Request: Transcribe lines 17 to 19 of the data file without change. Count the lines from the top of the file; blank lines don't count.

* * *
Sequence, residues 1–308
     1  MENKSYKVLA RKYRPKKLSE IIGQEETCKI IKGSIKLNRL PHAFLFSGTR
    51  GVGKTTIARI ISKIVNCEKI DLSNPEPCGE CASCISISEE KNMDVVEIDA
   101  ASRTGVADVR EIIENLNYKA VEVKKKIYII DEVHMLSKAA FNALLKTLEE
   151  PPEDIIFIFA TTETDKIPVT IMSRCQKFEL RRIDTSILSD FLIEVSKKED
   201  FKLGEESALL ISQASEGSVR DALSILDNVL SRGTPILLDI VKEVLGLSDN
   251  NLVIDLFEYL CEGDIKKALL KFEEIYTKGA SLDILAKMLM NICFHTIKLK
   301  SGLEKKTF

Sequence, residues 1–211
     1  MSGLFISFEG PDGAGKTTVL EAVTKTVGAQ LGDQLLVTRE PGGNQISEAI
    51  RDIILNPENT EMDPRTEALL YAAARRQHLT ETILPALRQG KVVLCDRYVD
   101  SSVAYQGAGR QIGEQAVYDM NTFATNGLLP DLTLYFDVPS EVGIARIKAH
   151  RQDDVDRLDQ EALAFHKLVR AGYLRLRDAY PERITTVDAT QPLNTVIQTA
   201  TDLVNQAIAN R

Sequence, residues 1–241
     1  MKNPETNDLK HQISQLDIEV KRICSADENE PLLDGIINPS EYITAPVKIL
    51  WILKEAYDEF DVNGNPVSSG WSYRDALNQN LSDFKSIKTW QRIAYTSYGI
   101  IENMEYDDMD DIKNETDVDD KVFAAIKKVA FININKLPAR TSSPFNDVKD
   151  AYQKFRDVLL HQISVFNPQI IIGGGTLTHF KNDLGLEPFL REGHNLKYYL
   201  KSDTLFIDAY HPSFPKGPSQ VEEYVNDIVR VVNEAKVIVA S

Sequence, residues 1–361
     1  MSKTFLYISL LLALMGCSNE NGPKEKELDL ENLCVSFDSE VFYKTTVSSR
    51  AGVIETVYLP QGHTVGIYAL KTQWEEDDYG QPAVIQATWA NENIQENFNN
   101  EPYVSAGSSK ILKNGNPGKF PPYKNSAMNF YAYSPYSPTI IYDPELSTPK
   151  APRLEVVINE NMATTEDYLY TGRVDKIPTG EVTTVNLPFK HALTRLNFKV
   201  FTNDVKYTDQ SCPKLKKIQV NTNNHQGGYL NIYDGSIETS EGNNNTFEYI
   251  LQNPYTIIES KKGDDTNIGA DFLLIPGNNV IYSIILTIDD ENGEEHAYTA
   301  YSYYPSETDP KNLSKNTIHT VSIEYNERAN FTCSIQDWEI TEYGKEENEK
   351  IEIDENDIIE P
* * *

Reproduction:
    51  WILKEAYDEF DVNGNPVSSG WSYRDALNQN LSDFKSIKTW QRIAYTSYGI
   101  IENMEYDDMD DIKNETDVDD KVFAAIKKVA FININKLPAR TSSPFNDVKD
   151  AYQKFRDVLL HQISVFNPQI IIGGGTLTHF KNDLGLEPFL REGHNLKYYL